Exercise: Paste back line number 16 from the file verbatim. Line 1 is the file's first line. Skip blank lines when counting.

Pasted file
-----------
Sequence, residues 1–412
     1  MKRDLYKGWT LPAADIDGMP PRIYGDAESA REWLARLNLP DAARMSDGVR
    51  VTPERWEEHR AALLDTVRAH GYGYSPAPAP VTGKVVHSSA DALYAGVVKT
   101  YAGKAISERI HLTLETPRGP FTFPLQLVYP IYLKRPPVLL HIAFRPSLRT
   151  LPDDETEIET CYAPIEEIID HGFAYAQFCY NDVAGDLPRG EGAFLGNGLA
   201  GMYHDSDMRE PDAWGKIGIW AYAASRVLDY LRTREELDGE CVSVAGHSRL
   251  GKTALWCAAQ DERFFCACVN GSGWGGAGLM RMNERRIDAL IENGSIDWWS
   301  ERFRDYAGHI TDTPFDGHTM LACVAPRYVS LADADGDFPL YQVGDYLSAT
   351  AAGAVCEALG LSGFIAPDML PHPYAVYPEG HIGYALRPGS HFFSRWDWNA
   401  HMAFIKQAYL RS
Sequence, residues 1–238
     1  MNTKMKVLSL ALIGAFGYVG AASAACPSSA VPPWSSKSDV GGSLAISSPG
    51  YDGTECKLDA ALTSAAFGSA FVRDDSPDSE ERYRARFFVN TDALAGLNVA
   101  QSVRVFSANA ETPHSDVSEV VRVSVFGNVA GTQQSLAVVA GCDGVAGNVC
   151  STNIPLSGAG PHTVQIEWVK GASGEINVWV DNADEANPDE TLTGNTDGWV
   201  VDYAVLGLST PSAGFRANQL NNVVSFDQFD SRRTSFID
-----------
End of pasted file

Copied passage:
   201  VDYAVLGLST PSAGFRANQL NNVVSFDQFD SRRTSFID